DeWine said Ohio is on track to overwhelm hospitals with virus cases. "If nothing happens, this could happen in a few short weeks," he said, noting hospitals now are considered in a state of emergency. Absent a change, "Hospitals will again be forced to postpone important, but less urgent care," he said, recalling the temporary ban earlier this year on elective procedures.
He called on Ohioans to get back to the basics of wearing masks and practicing social distancing to avoid the need to switch schools and colleges to remote learning only.
DeWine called on Ohioans to not attend events, to cancel any they may plan to host and to continue to work from home.
"As we approach the upcoming Thanksgiving Day holiday, please remember that when someone you don’t live with enters your 'bubble,' it puts everyone you live with at risk. Even our family and our closest friends can bring COVID into our homes. They don’t do it intentionally, but it happens when they don’t know they have the virus, and we just need to avoid any unnecessary and additional risks right now," he said.
He closed: "My fellow Ohioans, few times in our lives will we ever be able to do something or refrain from doing something that will or can save a life. This is one of those rare times."
Here are the “alarming numbers” documenting the explosion of the virus which prompted DeWine’s new restrictions and enforcement:
Cases: The state recorded 5,874 new coronavirus infections on Wednesday, the second-highest daily total of the pandemic. Ohio logged its highest-ever number – 6,508 – on Tuesday, obliterating Saturday’s record by nearly 1,000. Ohio raced past the 4,000-case mark to north of 6,000 in only a week.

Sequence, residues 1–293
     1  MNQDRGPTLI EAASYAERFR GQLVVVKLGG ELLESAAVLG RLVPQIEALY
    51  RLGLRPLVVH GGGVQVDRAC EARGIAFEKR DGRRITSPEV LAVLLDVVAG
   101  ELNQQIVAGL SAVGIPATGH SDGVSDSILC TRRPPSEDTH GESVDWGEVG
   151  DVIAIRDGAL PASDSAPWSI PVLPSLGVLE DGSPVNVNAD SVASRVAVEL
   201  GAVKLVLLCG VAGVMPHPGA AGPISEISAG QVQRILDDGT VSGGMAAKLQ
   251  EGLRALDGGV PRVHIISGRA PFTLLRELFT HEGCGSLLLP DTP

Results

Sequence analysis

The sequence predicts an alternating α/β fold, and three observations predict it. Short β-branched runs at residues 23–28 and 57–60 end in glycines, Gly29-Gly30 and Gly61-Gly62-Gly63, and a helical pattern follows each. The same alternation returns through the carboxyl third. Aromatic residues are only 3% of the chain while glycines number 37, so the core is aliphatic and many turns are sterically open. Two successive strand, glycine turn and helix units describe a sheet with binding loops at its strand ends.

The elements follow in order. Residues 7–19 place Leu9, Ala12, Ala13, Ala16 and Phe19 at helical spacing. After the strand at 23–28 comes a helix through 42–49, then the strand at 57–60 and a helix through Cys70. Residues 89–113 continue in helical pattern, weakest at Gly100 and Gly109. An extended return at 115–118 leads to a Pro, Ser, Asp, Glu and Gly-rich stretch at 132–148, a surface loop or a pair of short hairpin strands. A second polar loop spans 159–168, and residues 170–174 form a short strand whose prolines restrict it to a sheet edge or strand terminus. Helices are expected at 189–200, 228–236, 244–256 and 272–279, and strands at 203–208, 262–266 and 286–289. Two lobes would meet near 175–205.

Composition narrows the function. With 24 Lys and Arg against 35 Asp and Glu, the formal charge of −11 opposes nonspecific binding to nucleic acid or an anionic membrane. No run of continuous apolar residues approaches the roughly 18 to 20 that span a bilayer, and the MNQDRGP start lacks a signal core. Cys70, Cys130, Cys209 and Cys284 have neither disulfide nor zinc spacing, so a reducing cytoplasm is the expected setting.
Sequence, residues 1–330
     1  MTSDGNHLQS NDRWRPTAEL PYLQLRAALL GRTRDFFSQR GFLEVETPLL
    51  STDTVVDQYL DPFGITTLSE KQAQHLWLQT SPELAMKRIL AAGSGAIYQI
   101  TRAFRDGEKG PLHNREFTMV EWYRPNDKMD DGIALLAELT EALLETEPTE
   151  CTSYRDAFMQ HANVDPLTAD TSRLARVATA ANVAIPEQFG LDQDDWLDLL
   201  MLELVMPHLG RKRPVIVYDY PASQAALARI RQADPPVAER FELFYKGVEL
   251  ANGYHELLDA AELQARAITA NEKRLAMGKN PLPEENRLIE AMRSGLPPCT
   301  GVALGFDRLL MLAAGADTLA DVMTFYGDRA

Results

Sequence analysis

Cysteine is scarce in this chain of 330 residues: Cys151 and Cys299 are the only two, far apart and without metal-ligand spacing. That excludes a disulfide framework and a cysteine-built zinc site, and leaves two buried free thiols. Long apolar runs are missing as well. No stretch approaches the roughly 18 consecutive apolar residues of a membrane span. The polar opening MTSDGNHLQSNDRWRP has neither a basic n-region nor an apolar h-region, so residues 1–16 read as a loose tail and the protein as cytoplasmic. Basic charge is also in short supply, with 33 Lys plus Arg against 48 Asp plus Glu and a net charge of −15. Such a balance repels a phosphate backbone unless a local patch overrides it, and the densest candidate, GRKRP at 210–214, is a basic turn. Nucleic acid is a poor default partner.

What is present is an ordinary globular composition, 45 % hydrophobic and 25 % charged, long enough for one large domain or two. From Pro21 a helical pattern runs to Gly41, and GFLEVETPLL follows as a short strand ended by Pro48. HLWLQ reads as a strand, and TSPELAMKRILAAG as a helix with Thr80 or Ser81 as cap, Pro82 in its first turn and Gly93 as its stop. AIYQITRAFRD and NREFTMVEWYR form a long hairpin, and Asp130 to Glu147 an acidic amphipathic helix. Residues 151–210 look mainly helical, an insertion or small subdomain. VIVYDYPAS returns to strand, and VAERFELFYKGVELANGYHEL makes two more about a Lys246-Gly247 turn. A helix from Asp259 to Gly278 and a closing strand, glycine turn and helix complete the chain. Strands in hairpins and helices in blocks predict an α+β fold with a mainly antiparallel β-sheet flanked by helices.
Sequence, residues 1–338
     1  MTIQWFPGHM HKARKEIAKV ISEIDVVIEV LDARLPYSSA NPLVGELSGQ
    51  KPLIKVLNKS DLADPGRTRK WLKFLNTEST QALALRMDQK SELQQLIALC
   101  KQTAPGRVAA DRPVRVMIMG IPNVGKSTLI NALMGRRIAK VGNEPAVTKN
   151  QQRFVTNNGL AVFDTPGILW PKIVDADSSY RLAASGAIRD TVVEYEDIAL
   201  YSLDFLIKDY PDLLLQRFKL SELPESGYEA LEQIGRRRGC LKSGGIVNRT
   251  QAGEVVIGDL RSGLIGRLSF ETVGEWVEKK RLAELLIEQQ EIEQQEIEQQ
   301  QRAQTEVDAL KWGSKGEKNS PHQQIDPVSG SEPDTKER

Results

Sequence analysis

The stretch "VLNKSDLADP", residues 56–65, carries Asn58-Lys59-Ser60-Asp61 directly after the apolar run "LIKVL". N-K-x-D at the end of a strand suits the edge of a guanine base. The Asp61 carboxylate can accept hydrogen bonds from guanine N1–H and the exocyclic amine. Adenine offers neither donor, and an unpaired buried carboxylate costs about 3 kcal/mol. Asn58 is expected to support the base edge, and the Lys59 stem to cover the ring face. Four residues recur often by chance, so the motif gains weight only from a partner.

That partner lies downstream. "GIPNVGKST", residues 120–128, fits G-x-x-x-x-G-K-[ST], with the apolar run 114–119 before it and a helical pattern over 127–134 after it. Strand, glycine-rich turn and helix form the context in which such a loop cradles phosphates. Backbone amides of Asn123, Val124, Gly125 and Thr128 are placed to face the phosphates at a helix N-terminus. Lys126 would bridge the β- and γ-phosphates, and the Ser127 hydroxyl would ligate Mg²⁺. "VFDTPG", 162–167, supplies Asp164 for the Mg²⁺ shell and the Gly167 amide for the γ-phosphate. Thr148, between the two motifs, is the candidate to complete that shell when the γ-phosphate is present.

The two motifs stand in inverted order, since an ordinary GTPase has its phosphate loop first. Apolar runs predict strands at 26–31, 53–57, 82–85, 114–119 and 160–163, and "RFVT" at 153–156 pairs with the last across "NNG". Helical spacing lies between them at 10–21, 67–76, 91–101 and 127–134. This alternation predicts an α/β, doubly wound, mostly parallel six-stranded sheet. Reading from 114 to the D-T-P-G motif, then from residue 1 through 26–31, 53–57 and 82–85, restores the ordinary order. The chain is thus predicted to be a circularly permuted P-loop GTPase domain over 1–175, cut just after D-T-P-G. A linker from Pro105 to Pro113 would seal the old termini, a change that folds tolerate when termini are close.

Positivity: The positive rate on tests for the latest available day (Monday) jumped dramatically to 11.9% — the highest since late April when testing generally was restricted to suspected infections and the vulnerable. The seven-day average positivity rate rose to 10%, four times the figure in late September.
Hospitalizations: Admissions totaled 253 on Wednesday – down from Tuesday’s record number of 361 -- increasing the number of COVID-19 patients currently hospitalized to a record 2,880. A record 716 seriously ill patients were in intensive care units, with nearly half hooked up to ventilators to assist their breathing.
Deaths: A total of 76 deaths – more than three times higher than the three-week daily average -- were reported to health officials on Wednesday, boosting total pandemic fatalities to 5,623. Since deaths lag behind hikes in cases and hospitalizations, increasing numbers of deaths could accompany the latest surge.
Fifty-six of the 88 counties, containing 86% of Ohio's population, are classified "red" by state health officials, signifying significant spread of the virus. With a lower "orange" rating, Delaware is the only central Ohio county to escape the "red" designation.
Nonstop pleas for Ohioans to wear masks, embrace social distancing and avoid gatherings seemingly have stopped working due to "COVID fatigue" — people dropping their guard after the virus has stalked Ohio for eight nonstop months as cases have topped 267,000.
DeWine and public health experts have asked and asked and asked. And the virus numbers have gone up and up and up — setting up DeWine’s actions.
Most state public health orders since mid-year had reopened businesses and activities and loosened restrictions— with the exception of the July 23 statewide mask mandate and the July 31 order establishing the last call for alcohol in restaurants and bars at 10 p.m.